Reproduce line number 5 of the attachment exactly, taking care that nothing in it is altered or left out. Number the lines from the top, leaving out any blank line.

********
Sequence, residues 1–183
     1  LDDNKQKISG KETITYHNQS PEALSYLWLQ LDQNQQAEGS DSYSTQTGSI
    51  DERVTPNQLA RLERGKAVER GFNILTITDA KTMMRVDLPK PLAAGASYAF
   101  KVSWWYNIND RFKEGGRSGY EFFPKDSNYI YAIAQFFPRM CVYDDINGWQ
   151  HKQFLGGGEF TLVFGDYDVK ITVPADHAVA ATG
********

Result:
   151  HKQFLGGGEF TLVFGDYDVK ITVPADHAVA ATG